No Ticket for the Cowboys on Free Agency Bus


One of the most exciting and on occasions shocking times of the NFL off-season is only a couple weeks away.  Of course I’m talking about Free Agency, or the NFL pre-draft social mixer.  For nearly 20 years the “modern-day” Free Agency period has brought hope to many teams, but lately seems to bring ex-Cowboys to the Giants.  With everyone getting ready to punch their “dance cards”, the Dallas Cowboys will probably be sitting this one out.

So why no Free Agent hustle for the Cowboys?  Well, that depends on who you ask and there’s some truth in each reason; I can think of three off the top of my head, Doug Free, Miles Austin, and Jay Ratliff.  None mentioned have lived up to the large contracts they signed (Ratliff included, who sat out most of the 2012 season).  These large “back-ended” contracts; and other circumstances throughout 2012, have basically busted the bank on an already reduced salary cap.

In short, the Cowboys can’t afford a ticket to Free Agency.

December 9, 2012; Cincinnati, OH, USA; Dallas Cowboys owner Jerry Jones walks on the field before the game against the Cincinnati Bengals at Paul Brown Stadium. Mandatory Credit: Greg Bartram-USA TODAY Sports

The Cowboys limped into the off season with; according to ESPN Dallas’ Todd Archer, “$20 million over the projected 2013 salary cap, with just 44 players signed.”  So even after a lot of contract restructuring, it’d be pretty tough for The Boys to have the cash roll to make any kind of Free Agency splash.

That’s a shame considering this year’s list of projected Free Agents offers more talent than usual and the Cowboys have serious need in several skill positions.  But considering the lack of cap room, there’s limitations to what the Cowboys can offer.

So when Jerry gave the “closing window” speech, he could have been foreshadowing the looming cap issues.  What’s the answer?

The answer might have been given at the beginning of this off season period.  It appears the Cowboys are choosing to rely primarily on the draft as well as the talent left after the Free Agency exodus.  In other words, the GM believes there are high caliber players returning next season and they’ll need to squeeze every ounce of ability out of them.  Hence the number changes to the coaching staff, in an effort to gear more toward a “coach ‘em up” attitude rather than just expecting players to self motivate.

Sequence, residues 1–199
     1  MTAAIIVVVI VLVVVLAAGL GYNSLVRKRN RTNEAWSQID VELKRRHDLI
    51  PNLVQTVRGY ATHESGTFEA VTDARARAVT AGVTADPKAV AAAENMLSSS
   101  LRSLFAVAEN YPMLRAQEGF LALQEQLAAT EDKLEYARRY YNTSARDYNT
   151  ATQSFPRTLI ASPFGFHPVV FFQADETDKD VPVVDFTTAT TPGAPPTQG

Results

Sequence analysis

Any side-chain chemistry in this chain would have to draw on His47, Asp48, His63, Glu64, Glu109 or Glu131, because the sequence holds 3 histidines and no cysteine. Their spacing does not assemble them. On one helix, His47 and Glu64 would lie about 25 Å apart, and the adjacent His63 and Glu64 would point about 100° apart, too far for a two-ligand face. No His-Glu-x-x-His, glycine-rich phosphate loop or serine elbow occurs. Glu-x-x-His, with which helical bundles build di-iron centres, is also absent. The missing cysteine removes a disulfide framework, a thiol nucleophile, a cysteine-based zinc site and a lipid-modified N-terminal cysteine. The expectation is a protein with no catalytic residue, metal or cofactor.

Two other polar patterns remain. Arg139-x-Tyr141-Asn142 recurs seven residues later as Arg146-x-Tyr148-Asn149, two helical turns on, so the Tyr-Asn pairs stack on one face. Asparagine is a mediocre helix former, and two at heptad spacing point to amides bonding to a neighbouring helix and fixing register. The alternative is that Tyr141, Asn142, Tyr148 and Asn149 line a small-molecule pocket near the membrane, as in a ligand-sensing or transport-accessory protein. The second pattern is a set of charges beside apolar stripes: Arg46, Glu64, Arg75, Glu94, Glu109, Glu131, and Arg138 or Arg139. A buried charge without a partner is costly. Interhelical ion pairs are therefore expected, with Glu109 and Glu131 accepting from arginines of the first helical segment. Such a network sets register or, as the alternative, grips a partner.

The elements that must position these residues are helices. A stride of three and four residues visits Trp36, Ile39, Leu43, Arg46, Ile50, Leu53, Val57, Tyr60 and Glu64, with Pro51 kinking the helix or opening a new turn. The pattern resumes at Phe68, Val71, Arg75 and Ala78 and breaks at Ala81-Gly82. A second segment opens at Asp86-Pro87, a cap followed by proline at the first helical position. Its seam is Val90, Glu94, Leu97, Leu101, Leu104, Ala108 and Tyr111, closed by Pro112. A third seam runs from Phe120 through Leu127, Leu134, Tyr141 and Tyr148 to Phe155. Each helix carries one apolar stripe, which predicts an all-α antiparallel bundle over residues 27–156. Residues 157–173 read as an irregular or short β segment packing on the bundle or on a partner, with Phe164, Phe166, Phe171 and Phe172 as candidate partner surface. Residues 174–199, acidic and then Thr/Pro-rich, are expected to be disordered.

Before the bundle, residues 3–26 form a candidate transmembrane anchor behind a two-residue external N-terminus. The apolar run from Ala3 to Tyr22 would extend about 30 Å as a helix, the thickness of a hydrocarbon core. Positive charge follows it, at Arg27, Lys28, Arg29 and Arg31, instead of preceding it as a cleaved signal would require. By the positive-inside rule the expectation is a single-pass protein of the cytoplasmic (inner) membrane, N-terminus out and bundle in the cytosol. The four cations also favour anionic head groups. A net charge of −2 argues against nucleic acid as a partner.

January 25, 2013; Ko Olina, HI, USA; NFC outside linebacker Anthony Spencer of the Dallas Cowboys (93) looks on during practice at NFC media day for the 2013 Pro Bowl at the JW Marriott Ihilani Resort. Mandatory Credit: Kyle Terada-USA TODAY Sports

So what does this all mean?  Well, it means more pressure on the coaches to prepare each player for game day as well as more emphasis on overall execution.  That’s a pretty exciting concept that’s not really been utilized since Bill Parcells left.

It’ also means there’s obviously more pressure on the talent scouts.  The players drafted over the next two seasons must be talented enough to plug holes created by lost players from cap issues.  Those scouts will determine the long-term health of the franchise.  But is this really such a bad thing?

It’s very possible the Cowboys are weeks away from seeing the exit of former first round picks like Anthony Spencer, Mike Jenkins, and Felix Jones while never even kicking the tires on prospects such as Greg Jennings, Ryan Clady, or Dashon Goldson.  But by not “seriously” dipping their toes into the Free Agency market; and hopefully trimming some contract fat over the off season, they stand to “right the ship” when it comes to the cap.  That’s a pretty good reason to not buy that bus ticket.